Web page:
There is a game released a few years back. It was intended to parody the style of games that it represented, but I actually took it seriously because it triggered the small part of my brain next to my pleasure center. That “game” was Progress Quest: a self-running program that did nothing but have various bars fill up at various speeds, with pseudo-RPG labels festooned about the stark gray menu.
Progress Quest was the epitome of how I played role-playing games. Story? Who needs it. Friends? They just slow me down. Endless rote killing broken up only by periodic trips back to town to sell off needless gear and equip myself to better slaughter hundreds of creatures in a mindless daze? Sign me up! This is the “one more” syndrome. I’ll kill one more monster. I’ll gain one more level. I’ll gather one more stack of fabric. I can, and have, and will probably continue to do this sort of zen-like, “progression-oriented” gameplay for the rest of my life, and happily.
There are whole genres of games dedicated to the “one more” mentality. Commonly, those are called “Diablo-clones,” action adventure games like the eponymous Diablo, Titan Quest, Baulder’s Gate: Dark Alliance 1 & 2, Everquest: Champions of Norrath, Sacred, Torchlight. These games have stories, but all I remember is that there was an evil something or other, and I had to take my level 1 scrub, wade through hundreds of monsters that exploded into gold and gear upon death, and punch it in the face. And by the time evil face-punching came about, I was usually wearing all sorts of awesome-looking gear with awesome-sounding names, casting awesome spells while swinging my awesome acid/bleeding dual greatswords around like a fricking Scottish Highlander on meth, and so the final boss would literally just explode from my character’s sheer awesomeness.
Anything that gets between me and this conclusion is extraneous and distracting. Side-quests that can’t be completed upon immediately gaining them or parallel to the main storyline are usually left fallow, never to be attempted. Multiplayer activities that require me to stand around for long periods of time without killing something (such as RP) are an irritant. Cutscenes are skipped. Dialog is fast-forwarded. Fishing- well, I’ll always have time to drop everything and fish if a game allows me to do so. I love fishing. But for the most part I drive myself to the endgame with all the inevitable determination of a progress bar, filling its way toward its destiny of fullness.
And it’s at this point, in these types of games, the following occurs once you’ve beaten the final bad guy: you unlock a harder difficulty and can take your character through again to get even more awesome gear. For me, however, I chucked the game somewhere and usually forgot about it. What happened to my one more mentality? If I enjoy leveling so much, why don’t I want to continue leveling?
The reason is this: I find it difficult to replay a game once my little inner flag marks the game “completed.” I’ve experienced the story (or what little I’ll recall of the story), the credits have rolled, I have gear- perhaps not the best gear- but I have pretty swanky gear. The game holds no further appeal unless I want to invest more time into it, and- oh ho, what’s this? Shiny Level-Grinding Game II was just released, with twice the shininess! Huzzah!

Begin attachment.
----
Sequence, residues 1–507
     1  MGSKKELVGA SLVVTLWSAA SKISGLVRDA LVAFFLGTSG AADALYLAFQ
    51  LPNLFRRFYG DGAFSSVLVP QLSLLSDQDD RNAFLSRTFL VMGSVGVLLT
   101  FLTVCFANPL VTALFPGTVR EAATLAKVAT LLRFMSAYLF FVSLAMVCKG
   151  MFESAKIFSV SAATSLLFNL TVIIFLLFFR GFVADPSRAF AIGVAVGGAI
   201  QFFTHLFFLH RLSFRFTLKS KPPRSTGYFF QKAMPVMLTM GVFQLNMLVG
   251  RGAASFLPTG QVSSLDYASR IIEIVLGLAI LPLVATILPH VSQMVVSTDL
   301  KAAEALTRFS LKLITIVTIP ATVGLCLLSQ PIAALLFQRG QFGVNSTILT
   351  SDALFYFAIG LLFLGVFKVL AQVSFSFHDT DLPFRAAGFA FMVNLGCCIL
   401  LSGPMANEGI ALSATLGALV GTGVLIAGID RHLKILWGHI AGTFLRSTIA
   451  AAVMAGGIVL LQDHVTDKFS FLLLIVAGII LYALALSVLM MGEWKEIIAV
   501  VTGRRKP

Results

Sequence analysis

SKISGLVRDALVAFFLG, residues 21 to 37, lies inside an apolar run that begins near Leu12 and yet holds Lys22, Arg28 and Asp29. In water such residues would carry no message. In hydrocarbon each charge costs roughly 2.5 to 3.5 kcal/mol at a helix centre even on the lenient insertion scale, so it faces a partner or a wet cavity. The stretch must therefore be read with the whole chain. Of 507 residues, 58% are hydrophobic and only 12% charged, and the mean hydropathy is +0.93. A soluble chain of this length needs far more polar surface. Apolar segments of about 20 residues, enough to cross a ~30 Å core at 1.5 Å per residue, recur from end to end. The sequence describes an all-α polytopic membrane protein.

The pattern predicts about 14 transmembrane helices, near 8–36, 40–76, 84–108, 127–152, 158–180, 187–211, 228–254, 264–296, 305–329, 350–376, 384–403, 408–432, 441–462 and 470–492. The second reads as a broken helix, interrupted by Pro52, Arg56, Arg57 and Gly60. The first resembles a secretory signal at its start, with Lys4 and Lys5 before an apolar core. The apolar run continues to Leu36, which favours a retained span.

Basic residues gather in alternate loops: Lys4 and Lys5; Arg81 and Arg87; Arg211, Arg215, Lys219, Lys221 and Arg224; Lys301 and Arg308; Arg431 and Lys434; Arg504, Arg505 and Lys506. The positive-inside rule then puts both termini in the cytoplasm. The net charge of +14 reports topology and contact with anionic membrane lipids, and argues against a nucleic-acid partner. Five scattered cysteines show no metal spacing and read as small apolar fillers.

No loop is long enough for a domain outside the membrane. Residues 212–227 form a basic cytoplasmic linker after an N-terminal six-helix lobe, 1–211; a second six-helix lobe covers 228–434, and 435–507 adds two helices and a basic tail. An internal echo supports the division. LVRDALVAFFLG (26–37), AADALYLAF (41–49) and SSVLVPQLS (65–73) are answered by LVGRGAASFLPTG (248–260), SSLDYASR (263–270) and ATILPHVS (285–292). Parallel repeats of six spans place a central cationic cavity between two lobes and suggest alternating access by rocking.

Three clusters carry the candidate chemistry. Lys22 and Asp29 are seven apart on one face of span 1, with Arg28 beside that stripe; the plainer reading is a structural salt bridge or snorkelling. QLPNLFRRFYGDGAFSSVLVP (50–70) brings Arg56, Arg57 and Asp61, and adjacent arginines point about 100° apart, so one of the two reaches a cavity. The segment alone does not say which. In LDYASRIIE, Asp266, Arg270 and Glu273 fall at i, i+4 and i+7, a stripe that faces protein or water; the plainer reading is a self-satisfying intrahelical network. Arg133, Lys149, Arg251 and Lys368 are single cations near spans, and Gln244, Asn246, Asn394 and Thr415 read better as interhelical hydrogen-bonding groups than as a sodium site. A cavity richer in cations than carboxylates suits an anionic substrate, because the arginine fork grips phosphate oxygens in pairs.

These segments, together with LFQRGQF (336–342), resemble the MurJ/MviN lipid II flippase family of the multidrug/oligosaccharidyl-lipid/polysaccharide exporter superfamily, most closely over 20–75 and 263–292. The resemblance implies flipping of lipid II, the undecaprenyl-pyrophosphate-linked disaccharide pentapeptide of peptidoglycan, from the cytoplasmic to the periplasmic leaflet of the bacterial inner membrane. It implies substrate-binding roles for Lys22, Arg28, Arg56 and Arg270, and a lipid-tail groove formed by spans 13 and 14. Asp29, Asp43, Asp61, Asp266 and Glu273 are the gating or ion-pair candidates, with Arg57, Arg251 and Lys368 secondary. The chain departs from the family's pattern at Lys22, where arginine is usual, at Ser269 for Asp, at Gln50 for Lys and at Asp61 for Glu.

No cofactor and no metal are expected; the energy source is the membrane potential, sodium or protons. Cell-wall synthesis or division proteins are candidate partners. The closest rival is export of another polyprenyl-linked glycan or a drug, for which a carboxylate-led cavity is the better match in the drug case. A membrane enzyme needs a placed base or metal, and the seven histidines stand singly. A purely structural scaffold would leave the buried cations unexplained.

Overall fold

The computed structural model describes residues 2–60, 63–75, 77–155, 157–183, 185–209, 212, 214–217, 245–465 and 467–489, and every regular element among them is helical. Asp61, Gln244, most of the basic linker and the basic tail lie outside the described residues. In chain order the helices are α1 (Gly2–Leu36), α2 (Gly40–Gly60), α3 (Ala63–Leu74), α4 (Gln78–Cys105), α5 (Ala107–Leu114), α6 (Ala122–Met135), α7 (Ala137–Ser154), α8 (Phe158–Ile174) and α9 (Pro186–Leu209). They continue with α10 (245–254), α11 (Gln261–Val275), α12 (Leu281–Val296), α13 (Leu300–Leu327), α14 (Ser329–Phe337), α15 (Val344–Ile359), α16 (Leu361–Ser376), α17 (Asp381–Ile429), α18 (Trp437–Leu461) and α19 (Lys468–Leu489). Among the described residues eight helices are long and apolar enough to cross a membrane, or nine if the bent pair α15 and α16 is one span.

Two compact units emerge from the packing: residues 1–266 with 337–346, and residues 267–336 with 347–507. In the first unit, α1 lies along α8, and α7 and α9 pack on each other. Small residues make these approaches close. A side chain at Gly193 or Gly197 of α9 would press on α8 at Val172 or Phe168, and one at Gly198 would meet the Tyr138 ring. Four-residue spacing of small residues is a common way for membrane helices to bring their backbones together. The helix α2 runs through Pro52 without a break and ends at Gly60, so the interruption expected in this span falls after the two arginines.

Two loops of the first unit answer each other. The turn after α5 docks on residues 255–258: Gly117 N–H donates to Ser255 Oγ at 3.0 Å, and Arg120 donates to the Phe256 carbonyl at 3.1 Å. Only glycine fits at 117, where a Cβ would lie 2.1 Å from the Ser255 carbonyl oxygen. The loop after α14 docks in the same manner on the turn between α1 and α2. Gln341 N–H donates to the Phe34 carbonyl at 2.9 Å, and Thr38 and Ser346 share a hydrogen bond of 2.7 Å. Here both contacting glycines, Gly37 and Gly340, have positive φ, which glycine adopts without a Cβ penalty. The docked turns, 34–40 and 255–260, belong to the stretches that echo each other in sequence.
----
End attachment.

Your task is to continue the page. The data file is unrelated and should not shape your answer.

MMORPGs are all about the grinding game. This more or less contributed in part to my six years of playing very little except World of Warcraft. I made a character. I leveled the crap out of that character to max level in various zones. I rolled a new character. I leveled the crap out of the new character in various, but different, zones. I rolled a third character. I leveled the crap in even more different- you get the idea. Between these bouts of quest-completing, I’d make smaller, easily attainable goals for myself: my second character, an elf, filled her Stormwind faction bar to get a horse by level 42. My third character, a mage, AoE-leveled to 68 back when that strategy was viable. When max level was achieved on a character, I would role-play with my friends on the now “retired” character, because the drive to level was gone and so I wasn’t impatient to be off doing something else.
With the release of Cataclysm, five new zones were released. My level 80 paladin reached 85 by completing every single quest available in four of them. That’s roughly four hundred quests completed in the span of a month, possibly less. To get my level 80 warrior to 85 would mean re-doing at least some of those quests in at least three of those already “completed” zones in order to get her to the required level of the fifth zone I hadn’t touched.
My brain was having none of that. The fifth zone, by virtue of not being required to get my paladin to 85, was shunted into the “Bonus Content” category. My inner completion flag checked off “Cataclysm.” And I immediately quit WoW.
RIFT, therefore, has the dubious “honor” of being my new MMORPG. When I last posted, I was level 8. One night later, and I’m already level 15. Who knows what level I’ll be when I start officially playing with my friends, especially- as evidenced by the above- I probably won’t attempt to play with them until I’ve hit max level. And if I’ve hit max level, my inner completion flag will more than likely tick off, and I will promptly quit RIFT. The presence of my friends will be a background noise- a white noise of chatter that I admit I have sorely missed since I left WoW, but white-noise all the same.
What, then, am I playing the game for, if not to play with my friends? That is honestly a question I’ve asked myself, and has played in part my resistance to jump on the RIFT wagon.
It all depends on what we’re all playing for, I suppose.